During this event, my primary technology-related thoughts were about how students could use technology to remain connected to one another to network and provide support.  Several students expressed frustrations about how (dis)connected they feel at their institution, particularly those from small programs or in unique situations like those who commute or take primarily distance ed courses.  It seems that we could find ways for those who attended this seminar to remain connected to provide that support for those students and open up new opportunities for one another.  Maybe it’s as simple as a Facebook group?  I don’t know if such an effort is sustainable or would be used by many participants but it might be worth a shot…

Unrelated to the doc student seminar: NASPA is making a big push to get attendees and members to use tools like Twitter and blogs.  NASPA has a blog set up for the conference and they are pushing – hard – for people to use the #NASPA10 hashtag for their Twitter posts.  And the #sachat folks are very active, too, with a demo planned for tonight at 6:00 Central followed by a physical meetup (a “tweetup”).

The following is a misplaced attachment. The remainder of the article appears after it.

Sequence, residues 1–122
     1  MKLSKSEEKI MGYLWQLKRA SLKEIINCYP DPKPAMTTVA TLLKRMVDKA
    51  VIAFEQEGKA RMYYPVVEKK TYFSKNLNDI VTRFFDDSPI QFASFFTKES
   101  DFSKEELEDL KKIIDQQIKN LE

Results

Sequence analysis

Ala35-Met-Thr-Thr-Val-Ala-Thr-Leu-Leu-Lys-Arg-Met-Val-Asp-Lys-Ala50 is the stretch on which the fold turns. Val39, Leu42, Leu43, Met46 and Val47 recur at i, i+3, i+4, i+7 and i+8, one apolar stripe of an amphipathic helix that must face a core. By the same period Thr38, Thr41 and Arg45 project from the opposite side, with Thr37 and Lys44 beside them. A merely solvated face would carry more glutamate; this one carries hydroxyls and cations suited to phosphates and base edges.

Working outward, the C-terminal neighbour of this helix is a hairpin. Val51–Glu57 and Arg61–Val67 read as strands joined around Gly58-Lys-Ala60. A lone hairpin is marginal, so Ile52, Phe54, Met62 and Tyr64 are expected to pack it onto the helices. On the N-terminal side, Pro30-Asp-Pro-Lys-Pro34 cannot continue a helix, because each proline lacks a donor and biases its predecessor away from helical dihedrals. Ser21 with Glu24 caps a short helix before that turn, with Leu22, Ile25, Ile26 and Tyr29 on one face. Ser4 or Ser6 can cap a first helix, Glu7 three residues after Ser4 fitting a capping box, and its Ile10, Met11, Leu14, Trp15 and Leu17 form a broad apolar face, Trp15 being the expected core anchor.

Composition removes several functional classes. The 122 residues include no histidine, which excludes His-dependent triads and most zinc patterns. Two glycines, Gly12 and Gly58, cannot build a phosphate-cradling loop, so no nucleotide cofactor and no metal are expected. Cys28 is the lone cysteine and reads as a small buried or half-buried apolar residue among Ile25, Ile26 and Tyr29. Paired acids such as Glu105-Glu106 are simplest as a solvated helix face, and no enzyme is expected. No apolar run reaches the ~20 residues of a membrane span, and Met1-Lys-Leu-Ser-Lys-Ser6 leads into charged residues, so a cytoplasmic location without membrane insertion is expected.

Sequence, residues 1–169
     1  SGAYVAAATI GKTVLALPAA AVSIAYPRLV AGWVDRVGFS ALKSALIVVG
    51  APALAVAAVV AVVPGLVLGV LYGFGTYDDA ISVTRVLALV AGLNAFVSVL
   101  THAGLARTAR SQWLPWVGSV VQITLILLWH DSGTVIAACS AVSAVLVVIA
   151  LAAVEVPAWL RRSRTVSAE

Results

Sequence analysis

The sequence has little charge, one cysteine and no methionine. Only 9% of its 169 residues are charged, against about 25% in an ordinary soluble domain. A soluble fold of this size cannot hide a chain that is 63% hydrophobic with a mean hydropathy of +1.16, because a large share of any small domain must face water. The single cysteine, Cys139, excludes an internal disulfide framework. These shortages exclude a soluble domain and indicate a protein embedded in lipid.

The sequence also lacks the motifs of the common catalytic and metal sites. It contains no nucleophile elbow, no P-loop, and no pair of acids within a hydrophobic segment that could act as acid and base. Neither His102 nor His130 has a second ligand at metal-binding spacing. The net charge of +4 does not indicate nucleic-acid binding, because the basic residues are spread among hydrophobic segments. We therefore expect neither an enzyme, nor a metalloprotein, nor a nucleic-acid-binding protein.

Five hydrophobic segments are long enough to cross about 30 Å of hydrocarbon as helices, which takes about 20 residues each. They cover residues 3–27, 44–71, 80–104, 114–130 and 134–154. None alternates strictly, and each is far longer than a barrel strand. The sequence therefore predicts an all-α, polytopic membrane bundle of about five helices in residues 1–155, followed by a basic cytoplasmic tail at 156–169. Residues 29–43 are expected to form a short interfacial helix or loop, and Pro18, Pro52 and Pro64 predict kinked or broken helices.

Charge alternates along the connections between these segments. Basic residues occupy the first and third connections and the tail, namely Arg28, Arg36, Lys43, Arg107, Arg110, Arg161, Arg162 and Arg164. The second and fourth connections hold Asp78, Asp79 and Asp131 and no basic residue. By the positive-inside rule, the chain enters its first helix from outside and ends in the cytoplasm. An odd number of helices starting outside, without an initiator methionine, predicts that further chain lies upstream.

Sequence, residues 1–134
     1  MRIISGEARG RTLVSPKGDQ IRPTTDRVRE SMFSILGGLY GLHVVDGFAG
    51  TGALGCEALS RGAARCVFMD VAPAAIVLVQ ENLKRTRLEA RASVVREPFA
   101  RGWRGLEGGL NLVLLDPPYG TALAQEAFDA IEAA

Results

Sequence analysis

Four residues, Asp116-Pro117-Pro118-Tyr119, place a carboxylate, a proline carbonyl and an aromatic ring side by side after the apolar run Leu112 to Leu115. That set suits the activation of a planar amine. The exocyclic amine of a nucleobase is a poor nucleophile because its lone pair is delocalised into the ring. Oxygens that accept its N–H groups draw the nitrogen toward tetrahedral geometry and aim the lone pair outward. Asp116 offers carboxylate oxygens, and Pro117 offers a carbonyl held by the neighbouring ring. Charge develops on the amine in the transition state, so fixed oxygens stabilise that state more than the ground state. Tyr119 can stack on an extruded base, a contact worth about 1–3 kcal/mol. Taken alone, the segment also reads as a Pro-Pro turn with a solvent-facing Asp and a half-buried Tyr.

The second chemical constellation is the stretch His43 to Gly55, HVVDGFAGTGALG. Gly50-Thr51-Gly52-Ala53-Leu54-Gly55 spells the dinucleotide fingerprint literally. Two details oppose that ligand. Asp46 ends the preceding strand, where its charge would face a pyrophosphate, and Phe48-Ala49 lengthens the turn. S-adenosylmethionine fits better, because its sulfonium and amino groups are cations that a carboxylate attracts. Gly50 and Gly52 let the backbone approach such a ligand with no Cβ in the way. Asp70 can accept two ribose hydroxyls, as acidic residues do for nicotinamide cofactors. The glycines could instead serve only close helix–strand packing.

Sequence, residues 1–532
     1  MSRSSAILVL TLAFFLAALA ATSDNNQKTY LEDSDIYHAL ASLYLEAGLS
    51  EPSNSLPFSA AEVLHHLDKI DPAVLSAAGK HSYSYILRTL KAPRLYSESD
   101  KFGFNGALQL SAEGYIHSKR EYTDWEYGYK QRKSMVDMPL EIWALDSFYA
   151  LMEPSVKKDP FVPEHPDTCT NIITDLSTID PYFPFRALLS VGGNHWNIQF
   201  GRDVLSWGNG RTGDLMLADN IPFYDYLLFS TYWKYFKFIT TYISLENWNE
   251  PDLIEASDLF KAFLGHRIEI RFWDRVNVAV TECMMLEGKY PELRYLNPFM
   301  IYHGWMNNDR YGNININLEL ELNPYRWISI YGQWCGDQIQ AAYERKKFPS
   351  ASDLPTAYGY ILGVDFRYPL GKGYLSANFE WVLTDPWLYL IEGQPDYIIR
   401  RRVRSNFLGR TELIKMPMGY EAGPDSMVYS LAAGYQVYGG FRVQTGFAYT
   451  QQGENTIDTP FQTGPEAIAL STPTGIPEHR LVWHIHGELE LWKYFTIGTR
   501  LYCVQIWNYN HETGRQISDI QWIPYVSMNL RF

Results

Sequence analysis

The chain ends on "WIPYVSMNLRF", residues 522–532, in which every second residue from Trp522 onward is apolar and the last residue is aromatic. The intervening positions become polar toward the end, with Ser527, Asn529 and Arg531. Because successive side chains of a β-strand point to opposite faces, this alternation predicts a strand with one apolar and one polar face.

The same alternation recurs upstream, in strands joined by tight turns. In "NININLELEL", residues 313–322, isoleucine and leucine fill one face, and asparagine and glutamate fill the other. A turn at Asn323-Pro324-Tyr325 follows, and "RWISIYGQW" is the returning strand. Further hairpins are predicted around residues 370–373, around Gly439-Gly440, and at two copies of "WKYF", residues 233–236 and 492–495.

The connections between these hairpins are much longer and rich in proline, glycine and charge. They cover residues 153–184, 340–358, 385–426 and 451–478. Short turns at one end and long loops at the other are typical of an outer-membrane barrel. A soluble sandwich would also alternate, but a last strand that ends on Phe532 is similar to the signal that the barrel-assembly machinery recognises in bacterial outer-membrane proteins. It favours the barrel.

Current Student Affairs Technology Events: Twitter & NASPA

From my vantage point as someone who is deeply interested in student affairs and technology but not currently immersed in them (my classwork, research, and assistantship keep me quite busy!), here are some “current events” that are on my radar:

  1. The Twitter group using the #sachat hashtag continues to grow in size and popularity.  What began as a once-weekly discussion among a few dozen folks has now expanded to two weekly discussions among over a hundred folks and significant activity outside of the scheduled hours.  They’re a very friendly and resourceful group and even if you don’t actively participate you should check in on them periodically to learn from them.  I am not participating in these discussions as I am formally analyzing the group’s discussions and I don’t want to “contaminate” the data by actively participating.  But you should jump in and join the discussions!  The group has even provided an introduction and instructions if you’re new to Twitter.
  2. NASPA’s Technology Knowledge Community has put together a list of all of the technology-related programs at the upcoming NASPA Annual Conference.  There are many interesting sessions on the program and it’s unfortunate that so many are scheduled at the same time forcing us to choose between them.  I’ll be at many of the programs so please say hello if you see me!
  3. On Sunday, March 9, NASPA’s Technology Knowledge Community and Administrators in Graduate and Professional Student Services Knowledge Community are presenting a pre-conference session entitled “Tweet: Point-Click-Connect to Graduate Student and Adult Learners.”  The program description: